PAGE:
Students divided as Catholic college bans condoms on campus
Free condoms had been distributed for some years but now Boston College has decided to get tough.
Sophomore Ethan Mack has watched a few of his fellow Boston College students flaunt disrespect for Catholic teaching and school policy for years. They hang free condoms and other sexual products in envelopes outside of dorm-room doors and approach freshmen to place condoms in their hands.
In March, college administrators told them to knock it off in a letter that threatened disciplinary action if such students don’t stop the on-campus condom giveaways.
“It is about time,” said Mack, managing editor of the independent campus newspaper The Observer, which promotes and defends Boston College’s Catholic identity. “For a while, a few of us who were concerned didn’t know if the administration was even aware of it. Finally they have taken action.”
The administration’s opposition to on-campus condom distribution is supported by the Association of Catholic Colleges and Universities and reflects policies of most Catholic institutions.
Despite this, condom distributor and Boston College senior Lizzie Jekanowski said she will endure expulsion and forgo graduation instead of obeying a written order to stop distributing condoms in dorms at the Jesuit university.
“I find it extremely disturbing that we are even mildly threatened with expulsion,” said Jekanowski, who heads a group called BC Students for Sexual Health.
“We’re not going to compromise our work in any way,” she said. “We will not let this threat stop us from the work we do.”
At issue is a March 15 letter from the dean of students, Paul Chebator, and George Arey, director of the Office of Residential Life, telling students to stop giving out condoms in the dorms. Jekanowski claimed distribution of condoms and other sexual products received support from Chebator, Arey and Christopher Darcy, associate director of residential ministry, “for years” before the ultimatum.
“The assertion that was made is false,” said Chebator in an email to the Register. Arey and Darcy did not respond to the Register’s requests for comment.
“All students who live in our residence halls sign a contract agreeing to abide by the university’s Code of Conduct,” added Chebator.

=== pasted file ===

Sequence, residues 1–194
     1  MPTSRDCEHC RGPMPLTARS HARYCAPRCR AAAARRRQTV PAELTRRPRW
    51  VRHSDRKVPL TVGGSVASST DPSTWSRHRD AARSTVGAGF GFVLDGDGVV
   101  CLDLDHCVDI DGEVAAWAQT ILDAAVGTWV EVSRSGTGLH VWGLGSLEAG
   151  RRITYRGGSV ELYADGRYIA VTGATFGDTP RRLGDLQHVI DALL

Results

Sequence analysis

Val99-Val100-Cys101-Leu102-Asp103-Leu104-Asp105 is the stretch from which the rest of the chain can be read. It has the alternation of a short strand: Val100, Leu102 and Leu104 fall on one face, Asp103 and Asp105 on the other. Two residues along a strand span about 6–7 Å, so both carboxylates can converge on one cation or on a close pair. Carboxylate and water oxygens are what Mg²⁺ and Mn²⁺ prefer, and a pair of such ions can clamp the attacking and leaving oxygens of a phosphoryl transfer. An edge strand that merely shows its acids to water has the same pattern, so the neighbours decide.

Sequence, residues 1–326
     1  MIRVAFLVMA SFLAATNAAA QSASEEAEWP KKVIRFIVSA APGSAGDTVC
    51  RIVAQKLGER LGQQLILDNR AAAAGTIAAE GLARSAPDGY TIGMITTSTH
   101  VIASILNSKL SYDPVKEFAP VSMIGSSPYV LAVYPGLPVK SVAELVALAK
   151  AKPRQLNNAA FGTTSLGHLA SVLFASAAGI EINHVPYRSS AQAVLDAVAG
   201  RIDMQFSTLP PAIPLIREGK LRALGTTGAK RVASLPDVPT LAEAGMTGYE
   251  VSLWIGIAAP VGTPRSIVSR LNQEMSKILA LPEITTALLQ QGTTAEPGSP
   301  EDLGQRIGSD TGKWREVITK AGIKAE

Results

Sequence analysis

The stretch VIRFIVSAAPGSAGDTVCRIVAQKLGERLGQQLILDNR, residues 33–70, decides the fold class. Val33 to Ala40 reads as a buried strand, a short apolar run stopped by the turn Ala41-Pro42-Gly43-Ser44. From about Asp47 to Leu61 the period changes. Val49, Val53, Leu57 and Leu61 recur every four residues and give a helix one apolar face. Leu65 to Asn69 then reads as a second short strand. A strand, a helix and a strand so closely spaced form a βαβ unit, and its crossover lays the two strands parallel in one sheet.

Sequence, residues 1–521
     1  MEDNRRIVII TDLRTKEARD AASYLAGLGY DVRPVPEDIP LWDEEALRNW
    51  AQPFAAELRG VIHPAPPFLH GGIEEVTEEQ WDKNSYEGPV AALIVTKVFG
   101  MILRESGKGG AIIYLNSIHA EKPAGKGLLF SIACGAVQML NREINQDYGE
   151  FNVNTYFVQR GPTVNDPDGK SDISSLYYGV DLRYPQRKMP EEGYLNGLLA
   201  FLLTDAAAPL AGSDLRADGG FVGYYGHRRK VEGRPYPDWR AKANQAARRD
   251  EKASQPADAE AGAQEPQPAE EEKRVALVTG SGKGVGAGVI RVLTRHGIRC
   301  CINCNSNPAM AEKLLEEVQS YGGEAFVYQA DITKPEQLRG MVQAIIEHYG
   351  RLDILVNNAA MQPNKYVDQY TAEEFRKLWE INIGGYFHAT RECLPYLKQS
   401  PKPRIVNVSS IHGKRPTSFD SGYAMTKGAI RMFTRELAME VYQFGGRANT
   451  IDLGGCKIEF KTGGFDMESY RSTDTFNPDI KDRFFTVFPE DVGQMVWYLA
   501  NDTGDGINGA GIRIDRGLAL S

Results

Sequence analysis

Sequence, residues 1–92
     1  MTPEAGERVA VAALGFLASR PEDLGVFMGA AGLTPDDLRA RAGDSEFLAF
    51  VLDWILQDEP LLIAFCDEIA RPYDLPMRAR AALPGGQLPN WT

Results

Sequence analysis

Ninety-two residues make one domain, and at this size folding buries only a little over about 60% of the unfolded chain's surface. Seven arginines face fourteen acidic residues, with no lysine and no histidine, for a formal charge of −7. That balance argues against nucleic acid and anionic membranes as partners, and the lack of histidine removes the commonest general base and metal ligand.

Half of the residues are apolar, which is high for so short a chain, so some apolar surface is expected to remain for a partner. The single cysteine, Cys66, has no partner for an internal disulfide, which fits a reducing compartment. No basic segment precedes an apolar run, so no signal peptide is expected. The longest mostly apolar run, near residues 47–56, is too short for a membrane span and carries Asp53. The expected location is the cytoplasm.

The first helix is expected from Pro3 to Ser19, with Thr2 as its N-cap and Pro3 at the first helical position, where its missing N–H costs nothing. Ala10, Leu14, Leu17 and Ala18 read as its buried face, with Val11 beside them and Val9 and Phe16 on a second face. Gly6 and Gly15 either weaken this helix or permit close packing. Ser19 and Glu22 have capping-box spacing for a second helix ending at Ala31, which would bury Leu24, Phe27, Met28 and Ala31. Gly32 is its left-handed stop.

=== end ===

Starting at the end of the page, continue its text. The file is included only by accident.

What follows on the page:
In his 1968 encyclical letter Humanae Vitae (On Human Life), Pope Paul VI re-emphasized the Church’s constant teaching that it is always intrinsically wrong to use contraception to prevent new human beings from coming into existence.
Humanae Vitae defines contraception as “any action which, either in anticipation of the conjugal act, or in its accomplishment, or in the development of its natural consequences, proposes, whether as an end or as a means, to render procreation impossible” (14).
The March 15 letter to condom distributors was composed, Chebator explained, after students expanded the scope of a condom-distribution program that administrators knew about.
“In recent years, this group of students moved from distributing condoms on public streets near campus to distributing condoms from several dorm rooms within BC’s residence halls,” Chebator told the Register. “Administrators from our office met with them on several occasions to request that they refrain from publicly distributing condoms in residence halls, which was a violation of university policy. When the students continued their public distribution, we sent a letter to the students warning them that their actions could result in disciplinary sanction.”
Boston College senior Ben Martin remembers the first time he encountered BC Students for Sexual Health.
“Someone handed me a condom,” Martin said. “They just place something in your hand, and you don’t even know what it is at first, until you look at it.”
Martin threw the condom away and decided to have a conversation with Jekanowski about Catholic teaching and Boston College policy. The two met for lunch on several occasions during Martin’s freshman and sophomore years, but little was accomplished.
“I actually have tremendous respect for Lizzie,” Martin said. “But she and other members of the group long ago stopped participating in dialogue. They view any effort at dialogue as confrontational. I’ve hear them say, ‘We are about action, not dialogue.’”
Added Martin, “They are a small minority on campus, and the administration has tried to dialogue with them for years. Whenever the administration reaches out to them, it shows up in the press as ‘patriarchal tyranny.’ So I think the administration is done trying to reason with them.”
Source: National Catholic Register
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